The procedure presented below gives an example of parsing XML with VBA using the XML DOM objects. Code is based on a beginners guide of the XML DOM.
Public Sub LoadDocument()
Dim xDoc As MSXML.DOMDocument
Set xDoc = New MSXML.DOMDocument
xDoc.validateOnParse = False
If xDoc.Load("C:\My Documents\sample.xml") Then
' The document loaded successfully.
' Now do something intersting.
DisplayNode xDoc.childNodes, 0
' The document failed to load.
' See the previous listing for error information.
Public Sub DisplayNode(ByRef Nodes As MSXML.IXMLDOMNodeList, _
ByVal Indent As Integer)
Dim xNode As MSXML.IXMLDOMNode
Indent = Indent + 2
For Each xNode In Nodes
If xNode.nodeType = NODE_TEXT Then
Debug.Print Space$(Indent) & xNode.parentNode.nodeName & _
":" & xNode.nodeValue
If xNode.hasChildNodes Then
DisplayNode xNode.childNodes, Indent
Nota Bene - This initial answer shows the simplest possible thing I could imagine (at the time I was working on a very specific issue) .
Naturally using the XML facilities built into the VBA XML Dom would be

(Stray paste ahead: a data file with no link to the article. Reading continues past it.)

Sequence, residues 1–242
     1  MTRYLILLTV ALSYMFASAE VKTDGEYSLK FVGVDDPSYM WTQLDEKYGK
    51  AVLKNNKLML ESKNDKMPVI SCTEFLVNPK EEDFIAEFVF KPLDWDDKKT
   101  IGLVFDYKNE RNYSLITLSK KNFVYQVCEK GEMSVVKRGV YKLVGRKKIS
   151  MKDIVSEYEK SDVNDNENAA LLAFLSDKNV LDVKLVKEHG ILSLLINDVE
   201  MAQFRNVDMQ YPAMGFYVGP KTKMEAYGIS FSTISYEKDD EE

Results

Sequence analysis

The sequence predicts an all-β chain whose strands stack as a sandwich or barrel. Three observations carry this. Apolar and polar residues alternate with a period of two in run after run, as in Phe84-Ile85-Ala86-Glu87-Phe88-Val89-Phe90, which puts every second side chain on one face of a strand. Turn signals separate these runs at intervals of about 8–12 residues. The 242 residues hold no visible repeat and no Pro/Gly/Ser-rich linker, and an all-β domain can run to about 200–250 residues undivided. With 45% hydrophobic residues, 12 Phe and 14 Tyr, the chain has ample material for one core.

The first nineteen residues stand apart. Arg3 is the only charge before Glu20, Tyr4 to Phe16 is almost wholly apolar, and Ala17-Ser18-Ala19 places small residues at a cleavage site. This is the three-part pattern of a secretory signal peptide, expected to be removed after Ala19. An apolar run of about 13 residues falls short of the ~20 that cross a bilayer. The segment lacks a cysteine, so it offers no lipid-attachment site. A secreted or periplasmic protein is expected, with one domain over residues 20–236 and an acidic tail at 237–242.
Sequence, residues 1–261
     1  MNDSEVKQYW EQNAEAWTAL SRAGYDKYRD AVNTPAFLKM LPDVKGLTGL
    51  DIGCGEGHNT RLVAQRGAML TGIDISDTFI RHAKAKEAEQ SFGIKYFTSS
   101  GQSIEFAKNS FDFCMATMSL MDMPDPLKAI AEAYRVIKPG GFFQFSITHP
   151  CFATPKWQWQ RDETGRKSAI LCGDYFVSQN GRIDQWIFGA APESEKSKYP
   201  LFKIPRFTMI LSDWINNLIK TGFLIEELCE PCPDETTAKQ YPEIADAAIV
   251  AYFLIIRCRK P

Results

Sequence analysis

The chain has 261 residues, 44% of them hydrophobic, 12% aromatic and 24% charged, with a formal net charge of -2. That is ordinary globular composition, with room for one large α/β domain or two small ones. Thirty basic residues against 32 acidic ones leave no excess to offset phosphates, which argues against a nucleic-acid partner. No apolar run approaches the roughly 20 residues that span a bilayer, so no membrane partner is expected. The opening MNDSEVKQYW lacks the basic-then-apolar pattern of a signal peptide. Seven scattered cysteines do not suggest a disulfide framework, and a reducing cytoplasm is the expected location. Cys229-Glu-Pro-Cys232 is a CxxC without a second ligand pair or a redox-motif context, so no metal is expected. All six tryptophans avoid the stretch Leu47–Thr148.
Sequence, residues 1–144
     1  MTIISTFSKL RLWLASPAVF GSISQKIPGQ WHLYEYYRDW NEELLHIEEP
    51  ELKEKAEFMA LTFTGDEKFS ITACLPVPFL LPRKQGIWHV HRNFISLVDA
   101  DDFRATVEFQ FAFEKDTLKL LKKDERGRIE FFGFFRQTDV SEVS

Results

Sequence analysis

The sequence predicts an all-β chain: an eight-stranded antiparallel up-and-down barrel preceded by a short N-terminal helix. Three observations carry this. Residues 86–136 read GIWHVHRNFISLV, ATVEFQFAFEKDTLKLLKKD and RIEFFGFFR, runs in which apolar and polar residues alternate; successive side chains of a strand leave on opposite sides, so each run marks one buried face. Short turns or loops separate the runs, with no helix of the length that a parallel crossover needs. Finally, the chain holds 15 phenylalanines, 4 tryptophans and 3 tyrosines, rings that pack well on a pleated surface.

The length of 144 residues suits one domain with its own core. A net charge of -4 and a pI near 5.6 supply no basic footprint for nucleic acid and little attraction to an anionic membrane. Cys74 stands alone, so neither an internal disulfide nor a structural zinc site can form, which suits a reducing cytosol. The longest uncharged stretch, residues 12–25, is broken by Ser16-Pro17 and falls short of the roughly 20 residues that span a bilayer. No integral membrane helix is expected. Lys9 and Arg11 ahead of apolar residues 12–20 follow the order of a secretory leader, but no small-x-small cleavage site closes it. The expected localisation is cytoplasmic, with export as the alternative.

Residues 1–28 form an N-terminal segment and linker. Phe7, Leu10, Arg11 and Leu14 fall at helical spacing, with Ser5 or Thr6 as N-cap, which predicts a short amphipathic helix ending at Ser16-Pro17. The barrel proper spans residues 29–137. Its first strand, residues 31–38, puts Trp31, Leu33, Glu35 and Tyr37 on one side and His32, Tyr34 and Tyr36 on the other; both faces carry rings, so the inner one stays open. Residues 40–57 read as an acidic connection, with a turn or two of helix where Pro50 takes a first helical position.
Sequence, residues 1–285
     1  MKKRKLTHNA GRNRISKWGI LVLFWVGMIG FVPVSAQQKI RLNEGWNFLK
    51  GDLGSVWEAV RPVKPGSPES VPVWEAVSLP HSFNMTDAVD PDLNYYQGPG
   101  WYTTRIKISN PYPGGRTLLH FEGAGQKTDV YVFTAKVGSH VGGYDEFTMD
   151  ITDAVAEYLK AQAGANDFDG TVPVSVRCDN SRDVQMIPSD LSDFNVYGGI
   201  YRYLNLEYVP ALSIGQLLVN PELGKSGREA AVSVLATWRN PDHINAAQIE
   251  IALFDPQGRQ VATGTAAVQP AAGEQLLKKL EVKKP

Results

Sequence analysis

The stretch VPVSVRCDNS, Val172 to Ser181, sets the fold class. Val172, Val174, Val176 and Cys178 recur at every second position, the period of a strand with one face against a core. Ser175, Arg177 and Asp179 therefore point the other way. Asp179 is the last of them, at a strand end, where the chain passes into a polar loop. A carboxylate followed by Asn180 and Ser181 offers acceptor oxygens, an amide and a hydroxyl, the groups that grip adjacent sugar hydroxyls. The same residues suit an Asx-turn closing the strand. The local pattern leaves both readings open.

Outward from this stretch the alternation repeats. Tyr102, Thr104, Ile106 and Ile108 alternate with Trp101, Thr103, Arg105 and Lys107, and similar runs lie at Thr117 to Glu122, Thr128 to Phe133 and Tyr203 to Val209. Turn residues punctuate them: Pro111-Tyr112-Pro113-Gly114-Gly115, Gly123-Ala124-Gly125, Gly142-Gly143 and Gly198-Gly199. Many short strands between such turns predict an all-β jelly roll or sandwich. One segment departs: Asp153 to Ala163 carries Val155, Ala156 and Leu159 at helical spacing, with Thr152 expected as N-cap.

much better. See the updates above.
I know this is a very old post but I wanted to share my simple solution to this complicated question. Primarily I've used basic string functions to access the xml data.
This assumes you have some xml data (in the temp variable) that has been returned within a VBA function. Interestingly enough one can also see how I am linking to an xml web service to retrieve the value. The function shown in the image also takes a lookup value because this Excel VBA function can be accessed from within a cell using = FunctionName(value1, value2) to return values via the web service into a spreadsheet.
openTag = ""
closeTag = ""
' Locate the position of the enclosing tags
startPos = InStr(1, temp, openTag)
endPos = InStr(1, temp, closeTag)
startTagPos = InStr(startPos, temp, ">") + 1
' Parse xml for returned value
Data = Mid(temp, startTagPos, endPos - startTagPos)